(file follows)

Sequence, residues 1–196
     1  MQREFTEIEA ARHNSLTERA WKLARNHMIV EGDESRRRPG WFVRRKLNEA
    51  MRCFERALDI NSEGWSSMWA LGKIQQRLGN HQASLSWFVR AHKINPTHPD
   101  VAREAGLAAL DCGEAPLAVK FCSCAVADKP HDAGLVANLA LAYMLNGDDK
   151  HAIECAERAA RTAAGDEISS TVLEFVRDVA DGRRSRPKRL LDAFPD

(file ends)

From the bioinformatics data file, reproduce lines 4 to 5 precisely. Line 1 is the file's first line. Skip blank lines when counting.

   101  VAREAGLAAL DCGEAPLAVK FCSCAVADKP HDAGLVANLA LAYMLNGDDK
   151  HAIECAERAA RTAAGDEISS TVLEFVRDVA DGRRSRPKRL LDAFPD